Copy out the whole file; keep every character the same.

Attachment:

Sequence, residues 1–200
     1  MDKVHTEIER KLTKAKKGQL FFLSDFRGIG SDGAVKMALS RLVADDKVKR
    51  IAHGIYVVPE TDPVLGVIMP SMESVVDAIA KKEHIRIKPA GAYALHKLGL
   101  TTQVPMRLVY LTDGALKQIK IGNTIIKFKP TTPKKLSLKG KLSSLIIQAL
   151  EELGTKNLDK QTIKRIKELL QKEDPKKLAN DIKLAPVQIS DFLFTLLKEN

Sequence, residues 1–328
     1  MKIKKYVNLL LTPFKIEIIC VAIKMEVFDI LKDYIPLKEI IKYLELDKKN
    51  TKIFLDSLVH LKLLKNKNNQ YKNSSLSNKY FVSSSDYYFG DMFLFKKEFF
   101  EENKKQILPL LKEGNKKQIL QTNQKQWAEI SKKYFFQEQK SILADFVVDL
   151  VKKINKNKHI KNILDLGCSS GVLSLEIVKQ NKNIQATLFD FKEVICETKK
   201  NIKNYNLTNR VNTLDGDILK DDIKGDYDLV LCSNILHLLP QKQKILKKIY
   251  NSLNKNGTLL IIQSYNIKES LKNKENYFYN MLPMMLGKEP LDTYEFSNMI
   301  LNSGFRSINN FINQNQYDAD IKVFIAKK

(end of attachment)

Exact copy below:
Sequence, residues 1–200
     1  MDKVHTEIER KLTKAKKGQL FFLSDFRGIG SDGAVKMALS RLVADDKVKR
    51  IAHGIYVVPE TDPVLGVIMP SMESVVDAIA KKEHIRIKPA GAYALHKLGL
   101  TTQVPMRLVY LTDGALKQIK IGNTIIKFKP TTPKKLSLKG KLSSLIIQAL
   151  EELGTKNLDK QTIKRIKELL QKEDPKKLAN DIKLAPVQIS DFLFTLLKEN

Sequence, residues 1–328
     1  MKIKKYVNLL LTPFKIEIIC VAIKMEVFDI LKDYIPLKEI IKYLELDKKN
    51  TKIFLDSLVH LKLLKNKNNQ YKNSSLSNKY FVSSSDYYFG DMFLFKKEFF
   101  EENKKQILPL LKEGNKKQIL QTNQKQWAEI SKKYFFQEQK SILADFVVDL
   151  VKKINKNKHI KNILDLGCSS GVLSLEIVKQ NKNIQATLFD FKEVICETKK
   201  NIKNYNLTNR VNTLDGDILK DDIKGDYDLV LCSNILHLLP QKQKILKKIY
   251  NSLNKNGTLL IIQSYNIKES LKNKENYFYN MLPMMLGKEP LDTYEFSNMI
   301  LNSGFRSINN FINQNQYDAD IKVFIAKK